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Posted by on Mar 2016 in All Stories, Features, Member Support, Slider | 0 comments

Get it in writing: Three steps to a successful grant proposal

human-shaped cut out standing on coinsNew to grant writing? Asking a funder for money can be an uncomfortable process for those new to the role, and challenging even for seasoned professionals. How can you make your organization stand out among so many other worthy causes? What’s the best way to demonstrate value for your would-be funder?

To help de-mystify the process, ONPHA asked fundraising expert Anne Morais, who has raised a total of $12 million to support social service delivery in Toronto and abroad. She shared the secrets of her winning proposals during ONPHA’s Successful grant writing: Where do I begin? webinar.

According to Morais, a successful proposal has three key elements:

1)    Positioning

As an organization, know yourself. Understanding your own priorities, mission, vision, strategic direction, and values can help you narrow down granting bodies and help in the grant writing process. This should include thinking about your mandate, your tenants’ needs, and grant making priorities.

2)    Alignment

Think about how your priorities and social issues link to the priorities of the granting organization. Look for the larger, broader places where your organization aligns with the goals of the granting organization.

3)    Have a solid “ask”

Morais recommends making sure that your “ask” is realistic and reflects the necessary budget for fulfilling the goals of the project.

Free resources

Canadian Revenue Agency: If you know of a foundation that grants to similar organizations, look at their CRA returns on CRA’s website. You can get a quick idea about the organizations to which the foundation grants money. This database only provides information on public foundations.

Grants Ontario: The Government of Ontario amalgamated all of its grant information in one website. Grants Ontario provides a central portal that includes access to information on grants in a variety of areas. It might take a while to get used to the interface, but it is worth exploring.

Imagine Canada’s Grant Connect is available for free in some Canadian Libraries. Email them to find one that you can access. This database uses information returned to Canadian Revenue Agency to provide access to information on Canadian foundations, corporate giving programs, and American foundations that provide funds to Canadian organizations.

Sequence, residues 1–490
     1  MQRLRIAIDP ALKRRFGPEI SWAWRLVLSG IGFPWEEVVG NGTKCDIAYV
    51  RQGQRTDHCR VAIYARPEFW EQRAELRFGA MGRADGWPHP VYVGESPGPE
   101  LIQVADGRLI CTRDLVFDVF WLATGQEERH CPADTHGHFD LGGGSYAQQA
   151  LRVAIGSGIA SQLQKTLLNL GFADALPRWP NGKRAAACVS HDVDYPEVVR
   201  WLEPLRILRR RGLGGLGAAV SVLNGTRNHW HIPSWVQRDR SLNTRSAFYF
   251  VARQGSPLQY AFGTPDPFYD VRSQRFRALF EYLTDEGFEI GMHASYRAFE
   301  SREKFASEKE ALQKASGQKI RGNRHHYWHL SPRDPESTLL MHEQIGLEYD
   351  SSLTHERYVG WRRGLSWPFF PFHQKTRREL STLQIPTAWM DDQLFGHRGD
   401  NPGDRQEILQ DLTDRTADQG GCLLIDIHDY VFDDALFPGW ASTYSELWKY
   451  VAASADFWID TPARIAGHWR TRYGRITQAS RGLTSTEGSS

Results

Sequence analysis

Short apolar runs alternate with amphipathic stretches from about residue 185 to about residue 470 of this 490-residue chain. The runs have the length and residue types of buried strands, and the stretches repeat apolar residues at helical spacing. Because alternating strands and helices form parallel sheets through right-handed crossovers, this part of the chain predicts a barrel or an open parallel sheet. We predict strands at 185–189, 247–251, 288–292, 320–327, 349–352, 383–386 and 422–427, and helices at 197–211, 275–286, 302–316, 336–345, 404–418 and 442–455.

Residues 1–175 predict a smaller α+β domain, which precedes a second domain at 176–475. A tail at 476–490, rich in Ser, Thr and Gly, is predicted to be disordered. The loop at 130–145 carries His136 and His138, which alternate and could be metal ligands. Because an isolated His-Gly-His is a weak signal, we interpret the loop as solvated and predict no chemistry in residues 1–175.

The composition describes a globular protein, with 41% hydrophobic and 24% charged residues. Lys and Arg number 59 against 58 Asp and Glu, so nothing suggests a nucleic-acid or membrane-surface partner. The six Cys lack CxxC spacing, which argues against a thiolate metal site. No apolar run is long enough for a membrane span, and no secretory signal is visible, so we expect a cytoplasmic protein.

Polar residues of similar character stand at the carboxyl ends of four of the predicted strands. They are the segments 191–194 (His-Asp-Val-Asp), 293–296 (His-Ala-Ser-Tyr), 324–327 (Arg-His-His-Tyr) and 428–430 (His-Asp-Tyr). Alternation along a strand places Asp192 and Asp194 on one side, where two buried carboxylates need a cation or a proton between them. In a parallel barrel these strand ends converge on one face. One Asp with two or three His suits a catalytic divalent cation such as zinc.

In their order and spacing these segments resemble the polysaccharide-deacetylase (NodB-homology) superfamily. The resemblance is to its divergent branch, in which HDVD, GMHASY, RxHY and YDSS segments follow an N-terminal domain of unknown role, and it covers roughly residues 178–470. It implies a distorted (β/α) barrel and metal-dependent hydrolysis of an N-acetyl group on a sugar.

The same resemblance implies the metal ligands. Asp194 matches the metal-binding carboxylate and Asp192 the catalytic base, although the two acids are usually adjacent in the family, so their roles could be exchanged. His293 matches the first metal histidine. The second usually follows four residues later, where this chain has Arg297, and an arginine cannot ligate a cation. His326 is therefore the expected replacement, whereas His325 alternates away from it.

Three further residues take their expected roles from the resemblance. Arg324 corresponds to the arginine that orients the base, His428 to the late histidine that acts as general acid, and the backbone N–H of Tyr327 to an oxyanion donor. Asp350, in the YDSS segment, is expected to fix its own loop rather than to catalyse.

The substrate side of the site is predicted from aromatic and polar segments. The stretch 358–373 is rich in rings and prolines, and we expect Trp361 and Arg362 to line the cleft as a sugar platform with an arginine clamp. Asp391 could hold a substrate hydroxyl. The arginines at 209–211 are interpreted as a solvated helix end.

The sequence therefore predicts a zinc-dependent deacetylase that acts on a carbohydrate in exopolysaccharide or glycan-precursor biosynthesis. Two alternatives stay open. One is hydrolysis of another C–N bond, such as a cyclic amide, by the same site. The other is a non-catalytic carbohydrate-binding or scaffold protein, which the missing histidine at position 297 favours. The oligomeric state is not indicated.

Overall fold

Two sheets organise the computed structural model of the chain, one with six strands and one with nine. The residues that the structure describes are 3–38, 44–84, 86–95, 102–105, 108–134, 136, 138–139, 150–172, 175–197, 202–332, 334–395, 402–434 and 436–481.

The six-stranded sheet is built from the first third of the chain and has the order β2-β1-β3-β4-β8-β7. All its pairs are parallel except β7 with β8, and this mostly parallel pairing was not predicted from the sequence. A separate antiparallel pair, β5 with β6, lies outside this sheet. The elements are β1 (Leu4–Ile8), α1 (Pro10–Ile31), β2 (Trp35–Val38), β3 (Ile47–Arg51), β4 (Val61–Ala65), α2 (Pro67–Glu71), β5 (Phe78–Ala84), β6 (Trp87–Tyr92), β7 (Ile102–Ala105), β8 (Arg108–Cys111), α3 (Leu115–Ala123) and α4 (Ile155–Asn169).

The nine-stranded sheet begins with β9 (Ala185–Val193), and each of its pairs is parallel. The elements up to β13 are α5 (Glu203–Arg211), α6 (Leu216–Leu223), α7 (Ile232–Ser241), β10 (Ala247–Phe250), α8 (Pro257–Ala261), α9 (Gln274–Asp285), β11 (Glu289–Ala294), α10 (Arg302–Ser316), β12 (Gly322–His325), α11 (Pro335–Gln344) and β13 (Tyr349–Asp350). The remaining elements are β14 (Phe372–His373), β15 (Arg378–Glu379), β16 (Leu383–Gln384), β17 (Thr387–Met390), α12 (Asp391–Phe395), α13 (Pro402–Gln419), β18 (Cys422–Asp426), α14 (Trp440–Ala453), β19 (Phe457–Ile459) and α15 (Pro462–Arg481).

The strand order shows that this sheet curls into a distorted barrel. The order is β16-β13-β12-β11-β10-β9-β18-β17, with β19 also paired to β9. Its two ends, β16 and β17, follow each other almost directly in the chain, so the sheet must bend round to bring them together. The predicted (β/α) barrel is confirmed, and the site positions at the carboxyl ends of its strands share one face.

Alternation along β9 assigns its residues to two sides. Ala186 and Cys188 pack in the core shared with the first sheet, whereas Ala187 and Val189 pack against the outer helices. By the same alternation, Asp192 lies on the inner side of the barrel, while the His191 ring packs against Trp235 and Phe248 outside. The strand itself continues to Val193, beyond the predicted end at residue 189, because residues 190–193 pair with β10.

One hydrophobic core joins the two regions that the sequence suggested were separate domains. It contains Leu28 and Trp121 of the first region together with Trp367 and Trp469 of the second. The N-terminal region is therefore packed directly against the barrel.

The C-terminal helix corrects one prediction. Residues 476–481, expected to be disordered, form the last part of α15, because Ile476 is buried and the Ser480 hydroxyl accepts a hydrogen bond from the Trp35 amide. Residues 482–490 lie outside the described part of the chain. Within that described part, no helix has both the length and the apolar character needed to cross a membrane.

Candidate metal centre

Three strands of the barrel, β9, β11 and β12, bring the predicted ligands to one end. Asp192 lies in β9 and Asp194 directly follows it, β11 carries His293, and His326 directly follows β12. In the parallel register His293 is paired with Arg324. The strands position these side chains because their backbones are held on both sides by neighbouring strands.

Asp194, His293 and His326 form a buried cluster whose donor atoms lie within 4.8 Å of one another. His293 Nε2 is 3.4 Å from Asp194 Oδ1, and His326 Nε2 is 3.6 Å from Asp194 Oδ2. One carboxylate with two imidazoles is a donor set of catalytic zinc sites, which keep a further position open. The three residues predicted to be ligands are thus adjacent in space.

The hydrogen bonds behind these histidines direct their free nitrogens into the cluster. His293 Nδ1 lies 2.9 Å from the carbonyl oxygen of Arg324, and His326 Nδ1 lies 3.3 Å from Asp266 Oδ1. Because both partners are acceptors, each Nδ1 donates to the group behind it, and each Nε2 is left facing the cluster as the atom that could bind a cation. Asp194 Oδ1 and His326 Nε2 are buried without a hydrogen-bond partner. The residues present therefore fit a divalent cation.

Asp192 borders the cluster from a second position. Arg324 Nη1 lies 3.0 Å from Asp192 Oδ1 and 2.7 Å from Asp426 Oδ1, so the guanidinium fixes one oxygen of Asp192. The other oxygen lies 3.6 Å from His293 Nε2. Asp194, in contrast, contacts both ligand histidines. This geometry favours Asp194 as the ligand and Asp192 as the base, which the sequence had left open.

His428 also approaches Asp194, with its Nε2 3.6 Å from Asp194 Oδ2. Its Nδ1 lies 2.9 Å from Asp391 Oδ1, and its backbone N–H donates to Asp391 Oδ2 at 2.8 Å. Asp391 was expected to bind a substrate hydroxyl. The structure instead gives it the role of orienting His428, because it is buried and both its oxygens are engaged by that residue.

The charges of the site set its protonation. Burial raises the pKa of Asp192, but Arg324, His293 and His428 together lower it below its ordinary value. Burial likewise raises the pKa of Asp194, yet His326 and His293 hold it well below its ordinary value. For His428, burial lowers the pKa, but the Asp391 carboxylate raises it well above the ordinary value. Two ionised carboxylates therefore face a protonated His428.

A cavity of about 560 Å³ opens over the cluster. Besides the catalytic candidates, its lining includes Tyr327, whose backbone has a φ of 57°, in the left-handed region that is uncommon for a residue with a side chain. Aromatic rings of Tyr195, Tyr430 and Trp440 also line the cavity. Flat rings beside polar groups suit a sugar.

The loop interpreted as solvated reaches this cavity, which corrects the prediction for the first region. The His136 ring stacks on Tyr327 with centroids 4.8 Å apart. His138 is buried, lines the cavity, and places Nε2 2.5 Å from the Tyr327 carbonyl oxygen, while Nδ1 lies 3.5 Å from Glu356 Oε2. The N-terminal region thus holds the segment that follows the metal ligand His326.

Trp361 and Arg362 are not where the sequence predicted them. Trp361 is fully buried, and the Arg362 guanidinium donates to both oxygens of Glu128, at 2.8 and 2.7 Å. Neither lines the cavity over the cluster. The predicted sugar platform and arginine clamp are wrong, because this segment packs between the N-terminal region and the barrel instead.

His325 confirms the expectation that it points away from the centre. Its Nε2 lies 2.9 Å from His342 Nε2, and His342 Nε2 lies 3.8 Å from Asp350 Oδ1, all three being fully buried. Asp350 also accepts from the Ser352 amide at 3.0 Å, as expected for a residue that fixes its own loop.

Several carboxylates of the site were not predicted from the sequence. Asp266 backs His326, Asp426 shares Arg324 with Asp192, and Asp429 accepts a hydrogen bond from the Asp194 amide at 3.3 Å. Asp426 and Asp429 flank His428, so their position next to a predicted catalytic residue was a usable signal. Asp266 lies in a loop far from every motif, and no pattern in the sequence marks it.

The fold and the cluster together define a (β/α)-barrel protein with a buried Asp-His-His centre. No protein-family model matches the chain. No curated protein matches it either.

What is the difference between a public and private foundation?

A public foundation:

  • is established as a corporation or a trust;
  • has exclusively charitable purposes;
  • generally gives more than 50 per cent of its income annually to other qualified donees, (e.g., registered charities), but may carry out some of its own charitable activities;
  • more than 50 per cent of its governing officials must be at arm’s length with each other;
    generally receives its funding from a variety of arm’s length donors; and
  • its income cannot be used for the personal benefit of any of its members, shareholders, or governing officials.

A private foundation:

  • is established as a corporation or a trust;
  • has exclusively charitable purposes;
  • carries on its own charitable activities and/or funds other qualified donees, (e.g., registered charities);
  • may have 50 per cent or more of its governing officials not at arm’s length with each other;
  • generally receives the majority of its funding from a donor or a group of donors that are not at arm’s length; and
  • its income cannot be used for the personal benefit of any of its members, shareholders, or governing officials.

If you are an ONPHA member, log in to watch Anne Morais’ presentation. You will learn more tips about grant writing, including a detailed conversation about the Ontario Trillium Foundation.

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